In a strong translation by Boyd, a Japanese team captures the magic of a summer rainstorm. Working in thick, dense strokes, Arai (What What What?) creates a lake surrounded by foliage whose colors range from spring green to spruce blue. Silver streaks show the first drops: “Look, it’s raining.” The rain falls harder (“Wetter/ And wetter”), and the greenery, the late poet Osada observes, changes: “The blues darken/ And so do the greens.” Wind whips, leaves fly, rain slashes sideways; bolts of lightning flash across the spreads amid sodden blossoms; and thunder follows, “Cracking/ Crashing.” After a few final flashes in the distance, the sky clears, and the storm is shown to have been ephemeral: “Look, no more rain.” The sun sets, dusk falls, the stars emerge (“Shining,/ They share their stories”). By employing landscapes in lieu of human or animal characters, Osada and Arai ask readers to look—really look—at the rain, the way the changing weather transforms the visible spectrum, and the magnificence of the night sky, phenomena all too often unseen in a hurry-up world. The result is a story that sharpens the senses and quiets the soul. Ages 4–up. (June)

When the Light of the World Was Subdued, Our Songs Came Through

Edited by Joy Harjo. Norton, $19.95 trade paper (352p) ISBN 978-0-393-35680-9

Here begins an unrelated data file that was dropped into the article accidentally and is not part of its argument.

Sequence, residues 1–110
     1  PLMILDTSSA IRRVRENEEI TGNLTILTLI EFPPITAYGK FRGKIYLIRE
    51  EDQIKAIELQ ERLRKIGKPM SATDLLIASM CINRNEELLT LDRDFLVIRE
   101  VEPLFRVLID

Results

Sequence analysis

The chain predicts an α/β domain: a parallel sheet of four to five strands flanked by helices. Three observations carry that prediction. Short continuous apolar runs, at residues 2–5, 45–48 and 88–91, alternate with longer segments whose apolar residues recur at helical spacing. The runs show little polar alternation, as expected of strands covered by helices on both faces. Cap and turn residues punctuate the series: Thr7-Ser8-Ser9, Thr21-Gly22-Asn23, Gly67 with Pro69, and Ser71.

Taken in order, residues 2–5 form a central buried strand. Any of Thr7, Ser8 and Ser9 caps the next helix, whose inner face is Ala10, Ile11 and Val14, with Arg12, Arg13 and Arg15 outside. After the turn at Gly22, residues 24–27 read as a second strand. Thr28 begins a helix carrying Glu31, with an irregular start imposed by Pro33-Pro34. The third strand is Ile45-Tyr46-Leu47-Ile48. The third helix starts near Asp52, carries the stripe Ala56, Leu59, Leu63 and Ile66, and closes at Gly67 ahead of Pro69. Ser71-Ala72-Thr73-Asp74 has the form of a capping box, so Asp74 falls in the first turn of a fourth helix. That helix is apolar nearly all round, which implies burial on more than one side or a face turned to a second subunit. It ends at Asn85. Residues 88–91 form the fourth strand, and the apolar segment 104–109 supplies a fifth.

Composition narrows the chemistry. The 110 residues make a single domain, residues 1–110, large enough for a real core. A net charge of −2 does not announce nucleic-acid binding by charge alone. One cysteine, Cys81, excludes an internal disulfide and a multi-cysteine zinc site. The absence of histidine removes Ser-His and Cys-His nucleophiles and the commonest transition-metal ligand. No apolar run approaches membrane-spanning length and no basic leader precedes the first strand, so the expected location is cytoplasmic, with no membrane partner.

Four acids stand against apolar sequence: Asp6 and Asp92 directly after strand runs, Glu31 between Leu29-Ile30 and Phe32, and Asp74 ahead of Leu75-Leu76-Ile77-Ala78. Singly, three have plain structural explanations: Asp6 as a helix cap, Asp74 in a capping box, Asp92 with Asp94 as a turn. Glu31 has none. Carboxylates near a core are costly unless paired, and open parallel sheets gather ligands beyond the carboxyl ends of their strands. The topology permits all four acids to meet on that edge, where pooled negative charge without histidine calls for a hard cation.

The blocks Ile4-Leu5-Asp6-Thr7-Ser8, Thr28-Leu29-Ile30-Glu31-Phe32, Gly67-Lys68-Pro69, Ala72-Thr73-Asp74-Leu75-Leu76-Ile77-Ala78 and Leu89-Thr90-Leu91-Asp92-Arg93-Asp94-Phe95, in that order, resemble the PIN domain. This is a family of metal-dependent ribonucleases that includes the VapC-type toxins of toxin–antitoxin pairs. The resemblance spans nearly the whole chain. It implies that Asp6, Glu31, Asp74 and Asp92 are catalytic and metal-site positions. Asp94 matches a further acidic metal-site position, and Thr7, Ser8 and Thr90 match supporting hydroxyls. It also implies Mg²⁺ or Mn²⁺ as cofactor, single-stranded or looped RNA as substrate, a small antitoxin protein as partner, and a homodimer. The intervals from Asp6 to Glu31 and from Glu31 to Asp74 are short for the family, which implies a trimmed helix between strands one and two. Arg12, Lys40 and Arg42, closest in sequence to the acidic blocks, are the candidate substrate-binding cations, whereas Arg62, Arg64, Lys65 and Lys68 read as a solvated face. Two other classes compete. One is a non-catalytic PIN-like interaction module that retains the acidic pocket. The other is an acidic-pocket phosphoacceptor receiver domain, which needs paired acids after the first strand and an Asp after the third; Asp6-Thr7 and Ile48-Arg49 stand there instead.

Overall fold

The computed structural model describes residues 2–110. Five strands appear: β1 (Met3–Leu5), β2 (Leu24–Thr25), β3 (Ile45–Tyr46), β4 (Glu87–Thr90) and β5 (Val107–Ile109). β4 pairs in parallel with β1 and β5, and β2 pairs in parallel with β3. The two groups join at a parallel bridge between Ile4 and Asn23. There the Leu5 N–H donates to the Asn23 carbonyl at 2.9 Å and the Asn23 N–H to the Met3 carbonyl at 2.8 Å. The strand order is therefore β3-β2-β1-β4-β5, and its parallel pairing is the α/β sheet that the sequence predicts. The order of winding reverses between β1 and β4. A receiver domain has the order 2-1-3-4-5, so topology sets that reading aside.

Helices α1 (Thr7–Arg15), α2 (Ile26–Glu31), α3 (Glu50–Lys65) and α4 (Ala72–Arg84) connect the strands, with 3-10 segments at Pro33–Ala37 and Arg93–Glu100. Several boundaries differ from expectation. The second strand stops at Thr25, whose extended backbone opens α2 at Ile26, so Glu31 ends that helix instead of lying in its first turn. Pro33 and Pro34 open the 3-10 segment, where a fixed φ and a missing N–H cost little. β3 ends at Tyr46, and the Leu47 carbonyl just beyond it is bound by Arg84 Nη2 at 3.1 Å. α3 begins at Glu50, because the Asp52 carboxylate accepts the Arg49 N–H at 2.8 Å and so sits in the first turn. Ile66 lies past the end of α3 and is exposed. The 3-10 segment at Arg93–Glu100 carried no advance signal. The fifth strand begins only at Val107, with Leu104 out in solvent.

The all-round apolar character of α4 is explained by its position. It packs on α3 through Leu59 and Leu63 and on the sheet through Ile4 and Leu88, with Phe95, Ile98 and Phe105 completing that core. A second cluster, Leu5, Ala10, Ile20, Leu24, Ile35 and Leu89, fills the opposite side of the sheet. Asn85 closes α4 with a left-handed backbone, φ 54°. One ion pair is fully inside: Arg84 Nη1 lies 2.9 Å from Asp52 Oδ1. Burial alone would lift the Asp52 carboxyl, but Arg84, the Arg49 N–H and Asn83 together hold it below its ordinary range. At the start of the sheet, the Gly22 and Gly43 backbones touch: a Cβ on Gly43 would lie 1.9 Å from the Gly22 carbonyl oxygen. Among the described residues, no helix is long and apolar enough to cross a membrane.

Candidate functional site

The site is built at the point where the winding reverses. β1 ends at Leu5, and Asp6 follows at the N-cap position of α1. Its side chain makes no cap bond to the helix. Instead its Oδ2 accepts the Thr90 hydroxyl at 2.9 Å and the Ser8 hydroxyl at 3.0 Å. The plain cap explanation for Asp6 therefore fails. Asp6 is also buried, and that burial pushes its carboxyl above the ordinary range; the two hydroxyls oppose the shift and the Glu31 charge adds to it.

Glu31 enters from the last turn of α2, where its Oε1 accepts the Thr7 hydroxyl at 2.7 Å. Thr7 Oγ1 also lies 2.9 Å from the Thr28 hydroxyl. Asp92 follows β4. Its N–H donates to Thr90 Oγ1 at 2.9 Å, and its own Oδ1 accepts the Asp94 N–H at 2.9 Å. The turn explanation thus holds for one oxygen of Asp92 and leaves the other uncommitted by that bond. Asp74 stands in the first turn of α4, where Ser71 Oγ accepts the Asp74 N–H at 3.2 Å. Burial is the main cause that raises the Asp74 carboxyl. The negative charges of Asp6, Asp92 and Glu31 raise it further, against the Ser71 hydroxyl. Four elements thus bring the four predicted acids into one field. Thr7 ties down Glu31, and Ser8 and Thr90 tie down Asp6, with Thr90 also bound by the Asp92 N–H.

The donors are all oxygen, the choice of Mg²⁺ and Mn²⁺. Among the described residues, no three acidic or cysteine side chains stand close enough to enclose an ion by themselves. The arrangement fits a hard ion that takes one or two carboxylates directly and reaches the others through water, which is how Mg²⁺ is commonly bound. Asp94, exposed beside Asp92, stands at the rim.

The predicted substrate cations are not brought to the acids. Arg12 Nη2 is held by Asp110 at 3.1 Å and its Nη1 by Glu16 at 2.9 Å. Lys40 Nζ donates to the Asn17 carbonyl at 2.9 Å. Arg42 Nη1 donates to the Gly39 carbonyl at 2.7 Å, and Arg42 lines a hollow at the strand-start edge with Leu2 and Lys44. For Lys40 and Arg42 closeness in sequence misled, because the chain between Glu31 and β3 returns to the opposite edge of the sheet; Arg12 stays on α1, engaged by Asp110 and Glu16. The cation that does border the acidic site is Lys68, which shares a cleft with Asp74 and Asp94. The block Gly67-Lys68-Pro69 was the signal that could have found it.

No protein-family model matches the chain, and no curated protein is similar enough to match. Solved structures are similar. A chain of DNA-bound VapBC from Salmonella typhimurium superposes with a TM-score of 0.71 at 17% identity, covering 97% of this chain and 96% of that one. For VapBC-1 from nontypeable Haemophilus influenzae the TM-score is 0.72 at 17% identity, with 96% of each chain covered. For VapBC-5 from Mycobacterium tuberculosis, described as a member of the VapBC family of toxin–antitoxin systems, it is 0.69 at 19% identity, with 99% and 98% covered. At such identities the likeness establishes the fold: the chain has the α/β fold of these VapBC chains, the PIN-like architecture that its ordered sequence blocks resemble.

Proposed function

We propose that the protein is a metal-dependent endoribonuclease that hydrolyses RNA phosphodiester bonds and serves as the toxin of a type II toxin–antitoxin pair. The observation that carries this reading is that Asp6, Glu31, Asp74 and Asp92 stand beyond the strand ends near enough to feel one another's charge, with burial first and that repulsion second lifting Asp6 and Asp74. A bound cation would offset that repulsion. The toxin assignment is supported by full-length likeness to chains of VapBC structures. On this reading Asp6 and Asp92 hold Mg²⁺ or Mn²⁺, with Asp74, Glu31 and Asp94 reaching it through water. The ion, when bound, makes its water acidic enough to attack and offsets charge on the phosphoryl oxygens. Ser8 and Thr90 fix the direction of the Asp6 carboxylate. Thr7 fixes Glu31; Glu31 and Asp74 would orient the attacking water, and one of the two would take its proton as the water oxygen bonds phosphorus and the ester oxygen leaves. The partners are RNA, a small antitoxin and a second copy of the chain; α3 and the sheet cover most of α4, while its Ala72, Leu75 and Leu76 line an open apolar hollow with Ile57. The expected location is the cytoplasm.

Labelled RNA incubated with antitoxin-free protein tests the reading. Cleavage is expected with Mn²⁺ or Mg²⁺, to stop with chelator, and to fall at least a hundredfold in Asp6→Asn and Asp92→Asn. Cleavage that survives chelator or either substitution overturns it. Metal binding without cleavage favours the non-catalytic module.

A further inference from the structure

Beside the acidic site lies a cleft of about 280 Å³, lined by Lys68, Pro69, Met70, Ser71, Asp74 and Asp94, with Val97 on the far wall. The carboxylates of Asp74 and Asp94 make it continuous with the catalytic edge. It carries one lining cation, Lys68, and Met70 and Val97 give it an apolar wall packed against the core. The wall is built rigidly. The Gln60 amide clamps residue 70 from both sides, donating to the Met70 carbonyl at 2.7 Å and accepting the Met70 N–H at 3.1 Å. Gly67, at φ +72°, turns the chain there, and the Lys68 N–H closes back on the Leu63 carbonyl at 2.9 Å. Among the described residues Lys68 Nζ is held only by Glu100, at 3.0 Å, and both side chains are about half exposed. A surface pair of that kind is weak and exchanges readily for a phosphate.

This comprehensive anthology presents the work of 161 Native American poets from nearly 100 indigenous nations and spanning from the 15th century to the present. Each section represents a different region of the United States and is introduced with information about the Nations that live there. The poetic styles and personal experiences are endlessly variable and consistently fresh. In “Shrinking Away,” Jim Northrup recalls his struggle with PTSD after serving in Vietnam: “Survived the war/ but was having trouble/ surviving the peace.” Samuel Sixkiller (1877–1958) attended the Carlisle Indian School, where he was class poet in 1895. His ode “To Class ’95” represents the tension of the school’s assimilationist project and the longing for home: “When shall the culture, the art and refinement/ Drive from our minds, roving thoughts of the past?/ Shall broad education, or savage confinement,/ Conquer the Red Man now fading so fast?” Tommy Pico and Natalie Diaz represent the newest generation, who honor those who came before while providing a look at life on the reservation today. Across centuries, regions, languages, and styles, this well-crafted anthology is perfect for Native American poetry courses and anyone looking to expand their knowledge of indigenous literature. (Aug)